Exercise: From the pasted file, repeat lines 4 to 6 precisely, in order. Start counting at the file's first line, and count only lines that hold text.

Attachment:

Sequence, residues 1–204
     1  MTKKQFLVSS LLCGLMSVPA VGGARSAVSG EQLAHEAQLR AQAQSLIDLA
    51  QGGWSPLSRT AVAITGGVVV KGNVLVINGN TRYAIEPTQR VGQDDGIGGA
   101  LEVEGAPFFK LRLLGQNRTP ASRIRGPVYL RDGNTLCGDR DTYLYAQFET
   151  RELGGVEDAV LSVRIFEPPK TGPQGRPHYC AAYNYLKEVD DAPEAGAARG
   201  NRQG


   101  LEVEGAPFFK LRLLGQNRTP ASRIRGPVYL RDGNTLCGDR DTYLYAQFET
   151  RELGGVEDAV LSVRIFEPPK TGPQGRPHYC AAYNYLKEVD DAPEAGAARG
   201  NRQG